Wednesday, January 28, 2009

Another Lost Decade? ... 'Advanced' Economic Growth Without Sustainability, Equitability, Or Happiness?

[Click on images for enlargements.]

"Mr [Joseph] Stiglitz, a professor at New York’s Columbia University [and a Nobel Prize laureate], says that as an indicator of the market value of all goods and services produced in an economy, GDP has always been a flawed measure of economic performance, let alone social progress. He argues that the current global economic turmoil has made its deficiencies even more glaring. “This crisis has shown that the GDP numbers for the US were totally erroneous. Growth was based on a mirage,” he says.

“Many people looked at US GDP growth in the 2000s and said: ‘How fast you are growing – we must imitate you.’ But it was not sustainable or equitable growth. Even before the crash, most people were worse off than they were in 2000. It was a decade of decline for most Americans.”

Over the past year, the Stiglitz-Sen commission has been reviewing a vast array of alternative economic indicators while debating three main issues: how to improve standard GDP; how to incorporate new measures of economic, social, and environmental sustainability into the data; and how to devise fresh indicators for assessing quality of life. The commission may not invent a single measure to replace GDP but it could suggest a “dashboard” of indicators aiming to stimulate broader debate about the use – and abuse – of economic statistics." ...

Over the past 20 years, economists have devoted time and effort to inventing ways of measuring environmental degradation and economic sustainability. It is far easier to calculate such measures when resources, such as oil, have a market value; it is a lot trickier when common goods, such as air and water, are regarded as free. To what extent should GDP take account of some of the “bads” produced by indiscriminate economic growth, such as pollution? What value should be ascribed to other factors such as noise levels, the availability of space or the attractiveness of the landscape?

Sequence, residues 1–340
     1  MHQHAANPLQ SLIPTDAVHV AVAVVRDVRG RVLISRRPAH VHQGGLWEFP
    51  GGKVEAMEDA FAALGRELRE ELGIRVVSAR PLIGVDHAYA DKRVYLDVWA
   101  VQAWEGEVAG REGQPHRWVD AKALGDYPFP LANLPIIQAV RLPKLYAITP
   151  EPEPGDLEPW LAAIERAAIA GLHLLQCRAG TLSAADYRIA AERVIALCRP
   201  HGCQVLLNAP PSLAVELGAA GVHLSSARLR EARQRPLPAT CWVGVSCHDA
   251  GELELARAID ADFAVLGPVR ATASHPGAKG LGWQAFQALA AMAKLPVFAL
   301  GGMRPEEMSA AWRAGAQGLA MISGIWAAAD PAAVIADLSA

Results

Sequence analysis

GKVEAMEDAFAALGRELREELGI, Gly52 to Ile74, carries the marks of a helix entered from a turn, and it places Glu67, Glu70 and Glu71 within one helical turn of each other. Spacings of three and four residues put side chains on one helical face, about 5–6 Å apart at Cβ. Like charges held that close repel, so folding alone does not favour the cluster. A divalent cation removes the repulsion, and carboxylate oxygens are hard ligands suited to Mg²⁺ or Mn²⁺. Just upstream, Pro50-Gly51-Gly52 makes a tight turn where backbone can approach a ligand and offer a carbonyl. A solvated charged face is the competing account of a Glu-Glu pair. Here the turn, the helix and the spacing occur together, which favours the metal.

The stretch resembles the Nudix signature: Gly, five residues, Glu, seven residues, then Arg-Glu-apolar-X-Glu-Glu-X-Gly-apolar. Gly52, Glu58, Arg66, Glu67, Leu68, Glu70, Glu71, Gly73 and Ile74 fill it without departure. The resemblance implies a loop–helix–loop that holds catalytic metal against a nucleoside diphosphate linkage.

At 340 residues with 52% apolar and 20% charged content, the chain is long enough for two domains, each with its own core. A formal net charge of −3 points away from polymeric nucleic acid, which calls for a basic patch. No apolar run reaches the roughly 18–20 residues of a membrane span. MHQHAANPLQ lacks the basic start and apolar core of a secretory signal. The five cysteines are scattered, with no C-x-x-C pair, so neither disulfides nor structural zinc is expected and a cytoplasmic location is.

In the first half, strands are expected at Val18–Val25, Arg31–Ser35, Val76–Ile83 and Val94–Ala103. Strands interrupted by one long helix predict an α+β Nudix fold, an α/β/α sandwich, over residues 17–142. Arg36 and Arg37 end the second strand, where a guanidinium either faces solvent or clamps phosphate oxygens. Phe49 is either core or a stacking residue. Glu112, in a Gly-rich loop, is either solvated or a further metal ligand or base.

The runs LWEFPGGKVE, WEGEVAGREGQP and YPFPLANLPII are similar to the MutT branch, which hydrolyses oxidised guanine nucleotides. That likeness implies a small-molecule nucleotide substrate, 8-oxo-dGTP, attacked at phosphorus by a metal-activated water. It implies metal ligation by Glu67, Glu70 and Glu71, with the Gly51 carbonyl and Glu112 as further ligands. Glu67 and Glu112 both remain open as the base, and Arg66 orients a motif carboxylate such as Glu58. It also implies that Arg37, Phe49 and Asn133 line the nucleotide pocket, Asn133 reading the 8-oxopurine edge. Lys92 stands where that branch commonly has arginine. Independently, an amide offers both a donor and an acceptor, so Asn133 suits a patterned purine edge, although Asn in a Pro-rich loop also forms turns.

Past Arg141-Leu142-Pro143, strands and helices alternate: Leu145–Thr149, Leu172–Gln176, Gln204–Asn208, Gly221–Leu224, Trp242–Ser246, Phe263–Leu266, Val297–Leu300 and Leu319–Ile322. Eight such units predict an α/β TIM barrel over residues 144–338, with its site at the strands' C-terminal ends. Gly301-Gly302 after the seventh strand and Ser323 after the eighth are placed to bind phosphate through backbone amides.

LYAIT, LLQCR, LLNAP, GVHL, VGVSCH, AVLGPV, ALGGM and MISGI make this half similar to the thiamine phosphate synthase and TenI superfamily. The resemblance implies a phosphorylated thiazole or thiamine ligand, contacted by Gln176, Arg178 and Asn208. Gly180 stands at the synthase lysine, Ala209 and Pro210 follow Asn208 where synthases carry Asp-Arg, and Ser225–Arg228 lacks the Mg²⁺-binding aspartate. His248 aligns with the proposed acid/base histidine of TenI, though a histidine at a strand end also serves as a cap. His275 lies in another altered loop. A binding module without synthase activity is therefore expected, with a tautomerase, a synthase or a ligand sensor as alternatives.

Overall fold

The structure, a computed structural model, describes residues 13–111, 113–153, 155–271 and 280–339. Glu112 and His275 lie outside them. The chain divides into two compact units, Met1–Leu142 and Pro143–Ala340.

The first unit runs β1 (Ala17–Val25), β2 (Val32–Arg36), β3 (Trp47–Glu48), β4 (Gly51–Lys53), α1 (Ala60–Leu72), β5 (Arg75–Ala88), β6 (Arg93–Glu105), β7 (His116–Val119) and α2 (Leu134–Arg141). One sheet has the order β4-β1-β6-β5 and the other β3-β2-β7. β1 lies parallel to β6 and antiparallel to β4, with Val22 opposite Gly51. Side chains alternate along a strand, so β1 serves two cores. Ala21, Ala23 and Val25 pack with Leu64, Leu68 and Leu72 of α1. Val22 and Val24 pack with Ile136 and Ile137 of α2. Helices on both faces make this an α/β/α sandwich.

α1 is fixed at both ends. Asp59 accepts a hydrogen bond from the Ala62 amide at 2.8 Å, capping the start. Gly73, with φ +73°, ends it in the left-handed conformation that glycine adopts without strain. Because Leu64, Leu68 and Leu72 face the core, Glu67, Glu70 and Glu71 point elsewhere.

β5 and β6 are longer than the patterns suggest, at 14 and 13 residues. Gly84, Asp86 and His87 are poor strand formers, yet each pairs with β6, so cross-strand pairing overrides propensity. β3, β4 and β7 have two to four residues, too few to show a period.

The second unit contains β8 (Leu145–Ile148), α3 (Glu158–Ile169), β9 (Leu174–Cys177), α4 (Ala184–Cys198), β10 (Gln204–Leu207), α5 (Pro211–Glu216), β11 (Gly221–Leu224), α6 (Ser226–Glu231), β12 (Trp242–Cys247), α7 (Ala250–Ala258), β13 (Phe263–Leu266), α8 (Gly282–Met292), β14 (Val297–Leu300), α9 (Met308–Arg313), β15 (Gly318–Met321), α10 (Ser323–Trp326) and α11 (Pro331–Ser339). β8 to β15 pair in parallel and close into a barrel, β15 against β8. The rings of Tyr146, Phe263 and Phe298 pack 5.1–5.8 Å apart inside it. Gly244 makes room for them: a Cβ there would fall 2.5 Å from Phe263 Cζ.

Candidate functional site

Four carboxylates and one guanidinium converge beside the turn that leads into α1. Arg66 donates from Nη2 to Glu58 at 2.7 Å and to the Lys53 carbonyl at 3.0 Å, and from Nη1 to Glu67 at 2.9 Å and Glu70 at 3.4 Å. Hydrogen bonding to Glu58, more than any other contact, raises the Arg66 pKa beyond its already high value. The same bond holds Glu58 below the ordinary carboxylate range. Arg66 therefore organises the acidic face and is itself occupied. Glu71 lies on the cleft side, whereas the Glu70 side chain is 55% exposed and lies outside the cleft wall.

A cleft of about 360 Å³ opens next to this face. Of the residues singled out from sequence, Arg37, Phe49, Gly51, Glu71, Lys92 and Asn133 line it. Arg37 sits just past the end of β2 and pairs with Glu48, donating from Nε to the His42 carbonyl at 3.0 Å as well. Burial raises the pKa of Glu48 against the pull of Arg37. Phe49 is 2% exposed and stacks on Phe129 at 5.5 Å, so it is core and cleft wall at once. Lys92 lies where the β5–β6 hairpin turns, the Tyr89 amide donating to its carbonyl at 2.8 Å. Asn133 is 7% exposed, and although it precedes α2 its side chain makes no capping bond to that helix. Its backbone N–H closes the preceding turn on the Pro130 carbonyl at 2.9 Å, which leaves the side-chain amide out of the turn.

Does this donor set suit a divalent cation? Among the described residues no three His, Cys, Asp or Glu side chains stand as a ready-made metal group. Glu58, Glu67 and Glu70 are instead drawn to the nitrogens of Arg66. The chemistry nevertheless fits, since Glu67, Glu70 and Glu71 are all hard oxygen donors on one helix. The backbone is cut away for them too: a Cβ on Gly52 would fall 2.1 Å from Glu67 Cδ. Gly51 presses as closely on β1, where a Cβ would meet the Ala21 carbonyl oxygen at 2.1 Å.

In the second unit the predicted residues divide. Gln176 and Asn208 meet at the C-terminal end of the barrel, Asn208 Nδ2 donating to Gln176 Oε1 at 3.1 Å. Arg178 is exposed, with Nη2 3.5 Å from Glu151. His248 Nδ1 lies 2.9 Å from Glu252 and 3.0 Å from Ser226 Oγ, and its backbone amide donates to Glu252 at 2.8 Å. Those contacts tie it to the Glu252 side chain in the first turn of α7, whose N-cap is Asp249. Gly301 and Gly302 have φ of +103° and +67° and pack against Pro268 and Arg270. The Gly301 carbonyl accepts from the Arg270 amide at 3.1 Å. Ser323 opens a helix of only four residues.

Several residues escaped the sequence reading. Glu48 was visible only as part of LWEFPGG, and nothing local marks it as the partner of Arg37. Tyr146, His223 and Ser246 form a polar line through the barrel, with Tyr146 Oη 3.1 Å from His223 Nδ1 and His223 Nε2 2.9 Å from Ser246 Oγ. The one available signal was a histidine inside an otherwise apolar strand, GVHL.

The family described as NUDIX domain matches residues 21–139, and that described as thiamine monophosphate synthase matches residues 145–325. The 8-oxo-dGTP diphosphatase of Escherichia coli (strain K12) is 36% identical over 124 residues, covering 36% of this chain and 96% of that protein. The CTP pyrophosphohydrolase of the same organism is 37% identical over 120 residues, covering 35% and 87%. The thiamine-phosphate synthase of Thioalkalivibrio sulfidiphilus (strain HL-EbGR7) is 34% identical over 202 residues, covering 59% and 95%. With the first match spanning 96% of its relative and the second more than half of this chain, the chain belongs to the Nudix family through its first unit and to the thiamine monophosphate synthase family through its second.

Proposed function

Similar subjective judgments come in when trying to assess the quality of life. The United Nations has developed its own Human Development Index, which attempts to measure social factors such as mortality rates, literacy and standards of living. Mr Sen, who was instrumental in developing the HDI, has long stressed the importance of educational opportunity and social justice in formulating economic policy. …

Perhaps the most controversial issue the commission is examining is whether to create some kind of “happiness index” based on surveys of people’s attitudes." ...

John Thornhill "A measure remodelled" Financial Times January 27, 2009


Image and photo credits: IMF, Washington, D.C.; Condominiums in Pascagoula, Mississippi after Hurricane Katrina. MKieper via Wikipedia Commons. With thanks.


Post a Comment

<< Home